Judge sides with N.M. in dispute over Pojoaque gaming compact

April 24, 2017 GMT

A federal appeals court has rejected an appeal by the U.S. Department of the Interior and Pojoaque Pueblo that would have given the agency the right to negotiate a gaming compact with the tribe over the objections of the state government.

The 10th Circuit Court of Appeals in Denver on Friday upheld a U.S. District Court judge’s decision earlier this year that blocked the Interior Department from taking any action in the case, which stems from a conflict between Gov. Susana Martinez’s administration and the pueblo over the amount of casino revenues the tribe would have to hand over to the state. The federal District Court judge also supported the state in its efforts to take action against any casino vendors that do business with Pojoaque Pueblo.

The pueblo has been operating Buffalo Thunder Resort & Casino and other gambling operations without a compact with the state since a previous compact expired in June 2015. The tribe hasn’t reached a new deal with the state because it disagrees with the revenue-sharing requirement. The pueblo calls the revenue sharing an illegal tax.

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It was unclear Sunday whether the pueblo would take any further action in the case. Pojoaque Pueblo Gov. Joe Talachy said he and his administration are still reviewing the court’s decision.

“I don’t have any comment yet,” he said. “We are reviewing our options and will look at what it all means.”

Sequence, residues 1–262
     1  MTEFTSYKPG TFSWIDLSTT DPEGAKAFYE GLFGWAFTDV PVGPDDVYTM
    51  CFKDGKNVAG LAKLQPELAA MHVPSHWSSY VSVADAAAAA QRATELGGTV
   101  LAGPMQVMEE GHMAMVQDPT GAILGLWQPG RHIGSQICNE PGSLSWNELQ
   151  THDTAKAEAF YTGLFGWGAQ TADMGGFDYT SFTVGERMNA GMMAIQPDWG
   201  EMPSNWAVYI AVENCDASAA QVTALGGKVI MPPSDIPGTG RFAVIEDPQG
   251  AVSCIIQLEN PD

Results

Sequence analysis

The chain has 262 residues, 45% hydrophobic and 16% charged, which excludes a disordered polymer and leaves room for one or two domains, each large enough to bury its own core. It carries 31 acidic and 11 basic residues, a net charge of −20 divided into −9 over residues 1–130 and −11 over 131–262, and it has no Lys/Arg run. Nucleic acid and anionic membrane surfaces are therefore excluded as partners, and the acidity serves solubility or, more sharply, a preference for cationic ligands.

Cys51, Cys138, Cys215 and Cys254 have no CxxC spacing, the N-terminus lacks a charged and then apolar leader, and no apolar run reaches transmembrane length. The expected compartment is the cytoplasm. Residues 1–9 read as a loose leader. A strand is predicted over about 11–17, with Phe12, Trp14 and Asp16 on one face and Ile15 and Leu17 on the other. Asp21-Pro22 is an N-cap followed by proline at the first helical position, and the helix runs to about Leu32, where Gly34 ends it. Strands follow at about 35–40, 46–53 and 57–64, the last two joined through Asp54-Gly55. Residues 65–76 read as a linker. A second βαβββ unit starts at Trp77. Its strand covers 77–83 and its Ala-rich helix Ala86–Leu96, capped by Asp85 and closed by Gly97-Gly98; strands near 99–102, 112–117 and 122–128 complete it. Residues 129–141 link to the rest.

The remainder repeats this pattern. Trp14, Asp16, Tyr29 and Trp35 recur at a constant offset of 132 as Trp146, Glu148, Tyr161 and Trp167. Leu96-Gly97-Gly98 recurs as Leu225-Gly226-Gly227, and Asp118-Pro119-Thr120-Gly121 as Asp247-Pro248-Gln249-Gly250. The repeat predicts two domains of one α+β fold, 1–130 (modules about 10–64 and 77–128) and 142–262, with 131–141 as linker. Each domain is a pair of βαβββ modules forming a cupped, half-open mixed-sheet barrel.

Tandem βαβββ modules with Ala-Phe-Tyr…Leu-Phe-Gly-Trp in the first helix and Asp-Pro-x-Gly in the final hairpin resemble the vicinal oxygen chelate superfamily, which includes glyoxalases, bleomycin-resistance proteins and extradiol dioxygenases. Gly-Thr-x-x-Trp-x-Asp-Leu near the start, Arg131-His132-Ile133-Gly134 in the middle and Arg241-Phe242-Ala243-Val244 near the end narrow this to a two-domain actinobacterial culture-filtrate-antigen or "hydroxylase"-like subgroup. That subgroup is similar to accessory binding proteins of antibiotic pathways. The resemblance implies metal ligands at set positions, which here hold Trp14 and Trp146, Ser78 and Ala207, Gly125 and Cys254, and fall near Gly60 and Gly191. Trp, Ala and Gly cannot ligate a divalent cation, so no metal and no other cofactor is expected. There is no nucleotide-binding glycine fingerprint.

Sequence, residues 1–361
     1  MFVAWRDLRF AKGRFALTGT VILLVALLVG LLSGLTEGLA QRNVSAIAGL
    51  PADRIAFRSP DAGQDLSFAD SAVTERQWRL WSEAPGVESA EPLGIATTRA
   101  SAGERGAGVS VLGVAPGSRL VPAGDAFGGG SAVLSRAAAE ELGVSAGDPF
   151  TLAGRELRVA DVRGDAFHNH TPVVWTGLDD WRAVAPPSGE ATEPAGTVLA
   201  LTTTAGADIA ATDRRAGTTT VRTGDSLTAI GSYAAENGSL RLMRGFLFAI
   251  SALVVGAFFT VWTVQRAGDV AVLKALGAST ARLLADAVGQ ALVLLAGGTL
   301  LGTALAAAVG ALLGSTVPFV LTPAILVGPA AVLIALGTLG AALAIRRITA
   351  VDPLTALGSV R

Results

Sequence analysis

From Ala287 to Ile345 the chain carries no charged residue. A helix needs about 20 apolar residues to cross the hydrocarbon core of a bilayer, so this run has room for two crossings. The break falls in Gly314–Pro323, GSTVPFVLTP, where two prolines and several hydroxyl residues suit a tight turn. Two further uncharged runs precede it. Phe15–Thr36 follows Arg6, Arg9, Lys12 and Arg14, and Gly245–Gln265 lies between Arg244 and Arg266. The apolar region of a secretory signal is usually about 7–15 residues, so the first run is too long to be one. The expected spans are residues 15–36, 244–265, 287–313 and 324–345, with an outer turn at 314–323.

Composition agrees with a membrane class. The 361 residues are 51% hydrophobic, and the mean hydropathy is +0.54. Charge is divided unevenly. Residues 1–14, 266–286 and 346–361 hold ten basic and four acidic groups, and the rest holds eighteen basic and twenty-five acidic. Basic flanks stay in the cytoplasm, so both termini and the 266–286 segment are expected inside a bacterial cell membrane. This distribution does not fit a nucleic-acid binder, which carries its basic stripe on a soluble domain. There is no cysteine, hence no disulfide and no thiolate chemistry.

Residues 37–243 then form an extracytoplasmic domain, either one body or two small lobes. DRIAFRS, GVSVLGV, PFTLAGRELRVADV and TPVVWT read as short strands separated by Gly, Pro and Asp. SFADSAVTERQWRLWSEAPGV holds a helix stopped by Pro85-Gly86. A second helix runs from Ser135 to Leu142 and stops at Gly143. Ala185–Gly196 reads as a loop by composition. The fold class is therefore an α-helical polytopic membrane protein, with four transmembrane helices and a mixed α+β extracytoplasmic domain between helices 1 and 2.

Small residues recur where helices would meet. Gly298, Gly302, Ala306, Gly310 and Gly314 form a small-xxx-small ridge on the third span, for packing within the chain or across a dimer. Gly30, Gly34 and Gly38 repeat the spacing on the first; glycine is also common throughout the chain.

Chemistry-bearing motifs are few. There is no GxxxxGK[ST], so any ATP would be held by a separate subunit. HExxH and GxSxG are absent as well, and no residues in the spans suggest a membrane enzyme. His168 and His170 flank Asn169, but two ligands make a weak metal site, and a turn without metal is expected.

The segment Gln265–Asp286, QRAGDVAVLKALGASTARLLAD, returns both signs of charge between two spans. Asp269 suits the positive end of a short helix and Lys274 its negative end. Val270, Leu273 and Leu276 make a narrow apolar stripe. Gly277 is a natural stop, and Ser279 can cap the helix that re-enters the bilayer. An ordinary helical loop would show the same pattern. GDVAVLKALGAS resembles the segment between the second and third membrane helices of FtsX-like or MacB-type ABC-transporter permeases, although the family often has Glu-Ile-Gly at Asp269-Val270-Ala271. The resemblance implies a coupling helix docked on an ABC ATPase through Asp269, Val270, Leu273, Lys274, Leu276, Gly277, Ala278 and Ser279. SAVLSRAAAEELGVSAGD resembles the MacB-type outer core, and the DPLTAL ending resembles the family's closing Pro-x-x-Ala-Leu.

For the time being, the appeals court ruling serves as a victory for the state.

Michael Lonergan, a spokesman for the governor, said in an email Sunday, “We hope the Court of Appeals decision will bring this issue to a close. As we’ve said all along, we’re simply asking for Pojoaque to play by the same rules as other New Mexico tribes.”

The pueblo’s leaders have argued that it is illegal for New Mexico to require tribes with casino operations to share their gambling revenues. The pueblo also accused the governor of negotiating its compact in bad faith and asked the secretary of the interior to step in and approve a gambling deal instead.

Martinez has said the pueblo is operating its casinos illegally since its compact expired.

The appeals court, in its ruling, agreed with the District Court’s judge’s decision that siding with the pueblo and the Interior Department in the case would have “stripped New Mexico of certain procedural protections or benefits” from the federal Indian Gaming Regulatory Act.

The appeals court also ruled that the Interior Department’s possible interference in the gambling deal was not a “valid exercise of DOI’s authority under IGRA.”

Had the court sided with the pueblo, it could have drastically changed the way tribal gaming compacts are created in New Mexico, allowing tribes to bypass the state government and deal directly with the Interior Department instead.

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In March, after the state said it would take action against vendors who do business with Pojoaque Pueblo’s casinos, Talachy told The New Mexican that the pueblo’s casinos had to shut down many of their gaming machines because companies that supplied those devices had backed off on deals. At that time, he said the loss of those machines delivered “a very painful hit” to the pueblo. “We’re stuck between a rock and a hard place.”

Former U.S. Attorney for New Mexico Damon Martinez, who resigned earlier this year at the request of U.S. Attorney General Jeff Sessions, gave Pojoaque Pueblo permission to continue its gambling operations while the case was under appeal. That deal required the pueblo to put some gaming revenues into a fund that would be shared with the state when a new compact is reached.

Contact Robert Nott at 505-986-3021 or rnott@sfnewmexican.com.